Influence of Microphysics Choice on Downburst Development in Simulated Air Mass Thunderstorms

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Sunday, 2 February 2014
Hall C3 (The Georgia World Congress Center )
Nicholas E. Rothfuss, Central Michigan University, Mount Pleasant, MI; and L. Orf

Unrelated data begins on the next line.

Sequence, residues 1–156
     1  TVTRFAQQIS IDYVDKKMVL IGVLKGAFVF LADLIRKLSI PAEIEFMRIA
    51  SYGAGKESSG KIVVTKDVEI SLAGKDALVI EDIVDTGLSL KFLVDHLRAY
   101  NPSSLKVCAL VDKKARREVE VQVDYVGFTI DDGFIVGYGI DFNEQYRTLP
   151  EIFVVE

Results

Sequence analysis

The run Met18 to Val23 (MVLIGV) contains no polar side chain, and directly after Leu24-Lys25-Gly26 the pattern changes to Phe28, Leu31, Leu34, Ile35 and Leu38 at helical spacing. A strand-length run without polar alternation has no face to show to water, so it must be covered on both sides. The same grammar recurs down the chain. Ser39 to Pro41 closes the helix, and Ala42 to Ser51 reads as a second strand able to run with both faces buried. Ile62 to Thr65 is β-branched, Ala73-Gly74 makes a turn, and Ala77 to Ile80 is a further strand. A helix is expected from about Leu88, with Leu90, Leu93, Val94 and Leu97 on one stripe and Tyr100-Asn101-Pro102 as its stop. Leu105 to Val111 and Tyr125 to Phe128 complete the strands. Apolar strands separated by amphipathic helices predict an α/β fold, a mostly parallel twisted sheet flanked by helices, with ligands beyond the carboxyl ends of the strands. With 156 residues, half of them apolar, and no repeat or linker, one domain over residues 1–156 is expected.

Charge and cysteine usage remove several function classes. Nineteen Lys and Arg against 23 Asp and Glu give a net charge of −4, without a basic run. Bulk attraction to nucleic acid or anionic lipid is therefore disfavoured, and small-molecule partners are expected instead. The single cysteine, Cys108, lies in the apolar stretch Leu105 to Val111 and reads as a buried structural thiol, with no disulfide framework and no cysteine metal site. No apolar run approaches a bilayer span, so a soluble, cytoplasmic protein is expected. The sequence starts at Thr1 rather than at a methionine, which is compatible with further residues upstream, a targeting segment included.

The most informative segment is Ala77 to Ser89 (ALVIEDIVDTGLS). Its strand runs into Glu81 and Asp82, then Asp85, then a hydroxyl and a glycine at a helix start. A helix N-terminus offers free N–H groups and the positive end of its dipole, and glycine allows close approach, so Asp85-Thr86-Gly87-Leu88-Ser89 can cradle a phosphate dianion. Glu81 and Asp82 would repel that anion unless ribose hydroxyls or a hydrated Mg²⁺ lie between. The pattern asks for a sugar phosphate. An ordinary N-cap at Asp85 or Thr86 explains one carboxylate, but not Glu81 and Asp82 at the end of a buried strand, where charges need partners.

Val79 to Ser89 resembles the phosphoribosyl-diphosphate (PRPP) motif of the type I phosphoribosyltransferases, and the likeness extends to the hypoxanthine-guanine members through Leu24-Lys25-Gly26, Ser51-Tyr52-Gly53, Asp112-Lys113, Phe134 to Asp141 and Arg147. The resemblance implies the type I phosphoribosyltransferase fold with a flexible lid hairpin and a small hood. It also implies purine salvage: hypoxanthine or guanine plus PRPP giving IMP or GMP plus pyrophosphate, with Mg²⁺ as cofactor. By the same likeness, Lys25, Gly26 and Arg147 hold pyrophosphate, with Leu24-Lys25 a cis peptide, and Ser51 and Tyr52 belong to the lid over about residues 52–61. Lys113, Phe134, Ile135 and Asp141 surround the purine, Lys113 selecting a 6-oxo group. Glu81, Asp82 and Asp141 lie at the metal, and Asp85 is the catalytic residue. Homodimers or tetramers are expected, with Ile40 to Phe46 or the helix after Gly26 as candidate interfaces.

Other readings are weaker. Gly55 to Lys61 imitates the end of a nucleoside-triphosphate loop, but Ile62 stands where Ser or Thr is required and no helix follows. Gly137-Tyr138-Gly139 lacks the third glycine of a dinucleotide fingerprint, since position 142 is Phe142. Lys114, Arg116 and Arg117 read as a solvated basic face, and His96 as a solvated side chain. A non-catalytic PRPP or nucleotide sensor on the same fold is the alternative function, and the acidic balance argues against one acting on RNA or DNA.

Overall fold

For engineering research, full-cloud models offer superior physics to subcloud and impinging jet schemes, but at requisite resolutions are computationally expensive. Consequently, input parameters, including microphysics choice, must be carefully deliberated. In order to investigate the influence of microphysics on simulated downburst development, simulations of air mass thunderstorms are run using the CM1 cloud model for typical dry and wet microburst environments. For each environment type, simulations are varied only in terms of microphysical parametrization, with the Morrison, Thompson, and Lin Farley Orville (LFO) schemes utilized. Resulting similarities and differences in maximum wind speed distribution and intensity are discussed, as are consequent cross-sectional variations in wind, buoyancy, and moisture profiles of representative downbursts in the mature storm.